Proud to Be Pig


Pigs are big in children’s literature! Choose a favorite porker, maybe from Charlotte’s Web, and make a colorful paper maché model.


1. Read Charlotte's Web by E.B. White or other books in which pigs are characters. Research information about these animals. How are your ideas about pigs changing as you learn more? How realistic are the fictional portrayals?

2. Cover a table with recycled newspaper. Tear additional newspaper into short, thin strips. Mix two parts of Crayola® School Glue with one part water to create a thin mixture for paper maché.

3. Crumple up recycled newspaper into a ball. Dip strips of newspaper into the glue mixture. Apply damp strips to the ball, overlapping them as you go. Cover the ball with at least two layers of newspaper. Dry completely, which may take several days, depending upon temperature and humidity.

4. Glue additional body parts to the ball, such as a snout, legs, and tail. Use corks, recycled plastic bottle lids, or recycled film canisters for the snout and legs. Cover them with more paper maché if you wish. A curled chenille stem works well as a tail. Push it slightly into the firm paper, then apply glue to the entry point. Cut ears from felt, construction paper, or scraps of fabric. To stiffen fabric, apply a coating of the glue and water mixture used for the paper maché. Dry.

5. Paint your pig with Crayola Tempera Paints and Brushes. Dry.

6. Finish your pig sculpture by making eyes with Crayola Markers or gluing on small black buttons.

Safety Guidelines

Adult supervision is required for any arts & crafts project. Observe children closely and intervene as necessary to prevent potential safety problems and ensure appropriate use of arts and crafts materials. Some craft items, particularly beads and buttons, are potential choking hazards for young children. Avoid use of such small parts with children younger than 3 years. Craft items such as scissors, push pins and chenille sticks may have sharp points or edges. Avoid use of materials with sharp points by children younger than 4 years. Read all manufacturers' safety warnings before using arts and craft supplies.

Crayola Washable Paints—Not for use as body/face paint.

Recycled Containers—Must be clean and safe. Do not use containers that contained bleach or other harmful chemicals (for example, household cleaners, dishwasher or laundry detergents). Do not use recycled metal cans that have sharp edges (for example, lids removed by household can openers).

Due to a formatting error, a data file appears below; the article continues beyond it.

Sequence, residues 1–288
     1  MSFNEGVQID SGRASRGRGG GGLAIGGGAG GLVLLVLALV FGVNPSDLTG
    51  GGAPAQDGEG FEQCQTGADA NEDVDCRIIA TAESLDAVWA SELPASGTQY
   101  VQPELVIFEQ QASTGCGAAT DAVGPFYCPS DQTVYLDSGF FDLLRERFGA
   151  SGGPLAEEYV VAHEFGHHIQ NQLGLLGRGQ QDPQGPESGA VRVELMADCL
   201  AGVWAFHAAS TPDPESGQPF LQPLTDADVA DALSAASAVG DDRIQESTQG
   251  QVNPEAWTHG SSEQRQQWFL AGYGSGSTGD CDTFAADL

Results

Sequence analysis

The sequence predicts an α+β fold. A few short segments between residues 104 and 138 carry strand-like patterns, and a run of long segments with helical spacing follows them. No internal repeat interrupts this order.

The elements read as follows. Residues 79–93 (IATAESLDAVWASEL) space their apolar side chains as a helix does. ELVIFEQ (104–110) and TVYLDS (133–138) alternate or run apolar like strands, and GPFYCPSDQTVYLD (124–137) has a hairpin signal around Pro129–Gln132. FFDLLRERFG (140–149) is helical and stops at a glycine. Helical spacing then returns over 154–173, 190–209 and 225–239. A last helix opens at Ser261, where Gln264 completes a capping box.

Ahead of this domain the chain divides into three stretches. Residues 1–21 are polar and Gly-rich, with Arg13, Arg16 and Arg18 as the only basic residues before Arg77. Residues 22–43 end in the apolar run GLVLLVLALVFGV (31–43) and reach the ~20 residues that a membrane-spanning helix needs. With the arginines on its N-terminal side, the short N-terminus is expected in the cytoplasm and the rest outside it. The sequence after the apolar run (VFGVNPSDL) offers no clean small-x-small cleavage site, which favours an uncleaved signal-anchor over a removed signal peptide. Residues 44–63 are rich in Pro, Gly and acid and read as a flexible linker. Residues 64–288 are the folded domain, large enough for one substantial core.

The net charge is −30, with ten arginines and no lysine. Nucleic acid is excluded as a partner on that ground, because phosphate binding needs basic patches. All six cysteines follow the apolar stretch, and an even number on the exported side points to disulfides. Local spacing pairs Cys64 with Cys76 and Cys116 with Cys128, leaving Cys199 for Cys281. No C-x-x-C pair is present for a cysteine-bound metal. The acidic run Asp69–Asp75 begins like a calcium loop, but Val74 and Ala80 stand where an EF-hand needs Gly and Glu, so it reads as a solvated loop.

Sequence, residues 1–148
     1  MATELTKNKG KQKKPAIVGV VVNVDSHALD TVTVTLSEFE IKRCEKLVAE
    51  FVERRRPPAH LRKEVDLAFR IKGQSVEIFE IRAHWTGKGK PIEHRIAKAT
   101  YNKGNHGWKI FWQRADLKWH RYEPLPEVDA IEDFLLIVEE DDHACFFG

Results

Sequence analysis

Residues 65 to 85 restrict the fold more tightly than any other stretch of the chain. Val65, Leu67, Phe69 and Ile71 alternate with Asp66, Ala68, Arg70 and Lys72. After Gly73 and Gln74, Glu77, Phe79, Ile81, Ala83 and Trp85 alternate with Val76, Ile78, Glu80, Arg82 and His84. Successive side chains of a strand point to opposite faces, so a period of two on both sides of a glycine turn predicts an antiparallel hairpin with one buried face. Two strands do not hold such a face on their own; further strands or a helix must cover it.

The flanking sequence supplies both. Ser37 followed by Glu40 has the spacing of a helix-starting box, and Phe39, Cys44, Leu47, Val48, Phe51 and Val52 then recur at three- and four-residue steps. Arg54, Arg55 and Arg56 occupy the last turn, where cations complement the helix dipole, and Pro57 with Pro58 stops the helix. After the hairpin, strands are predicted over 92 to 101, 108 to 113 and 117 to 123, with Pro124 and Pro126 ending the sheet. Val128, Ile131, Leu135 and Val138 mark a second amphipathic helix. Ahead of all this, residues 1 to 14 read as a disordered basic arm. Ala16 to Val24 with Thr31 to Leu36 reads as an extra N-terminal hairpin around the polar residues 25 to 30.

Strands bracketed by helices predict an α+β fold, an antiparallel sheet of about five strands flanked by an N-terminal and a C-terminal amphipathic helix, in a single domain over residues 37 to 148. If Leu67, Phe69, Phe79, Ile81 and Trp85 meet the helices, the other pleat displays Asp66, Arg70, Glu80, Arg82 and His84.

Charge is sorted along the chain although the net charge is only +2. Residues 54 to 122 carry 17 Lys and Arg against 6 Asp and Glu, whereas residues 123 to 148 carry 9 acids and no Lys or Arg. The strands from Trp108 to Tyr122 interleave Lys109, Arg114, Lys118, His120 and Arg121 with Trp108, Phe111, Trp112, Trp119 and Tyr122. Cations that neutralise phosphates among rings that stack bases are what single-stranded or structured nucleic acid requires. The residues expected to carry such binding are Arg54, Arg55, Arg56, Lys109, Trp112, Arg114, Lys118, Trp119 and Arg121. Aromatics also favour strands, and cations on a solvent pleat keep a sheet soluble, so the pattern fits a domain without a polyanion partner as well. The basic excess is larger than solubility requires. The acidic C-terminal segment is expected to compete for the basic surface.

Scissors—ATTENTION: The cutting edges of scissors are sharp and care should be taken whenever cutting or handling. Blunt-tip scissors should be used only by children 4 years and older. Pointed-tip scissors should be used only by children 6 years and older.


  • Create other animals depicted in the fiction you read. Write a short play, using your figures as the main characters.
  • Build a barnyard for your animal creations by using recycled objects, such as cardboard boxes for stalls and barns. Place your paper-maché creations in the barnyard.
  • Get to know some pigs. Visit a farm, petting zoo, or other animal facility. How does their hair feel? How do they smell? How do pigs spend their days? Why are so many pigs raised on farms?

Related Lesson Plans

Lesson Plans

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crayola supplies
  • Paint Brushes
  • Markers
  • Washable Kid's Paint
  • No-Run School Glue
  • Blunt-Tip Scissors
  • Construction Paper
household supplies
  • recycled newspaper
  • chenille sticks (optional)
  • buttons (optional)
  • container(s) of water
  • recycled plastic containers
  • corks (optional)
  • fabric scraps



  • Pre-K and Kindergarten
  • Grades 1 to 3
  • Grades 4 to 6
  • Grades 7 to 12
  • Special Needs


  • Language Arts
  • Science
  • Visual Arts


  • 30 to 60 minutes
  • Multiple Sessions


  • Students read fictional literature that includes pigs as characters, such as Charlotte's Web.

  • Children research information about pigs, including their habits and anatomy.

  • Children create an imaginative or realistic paper maché pig.


Research Canada Standards
Research UK Standards
Research U.S. Standards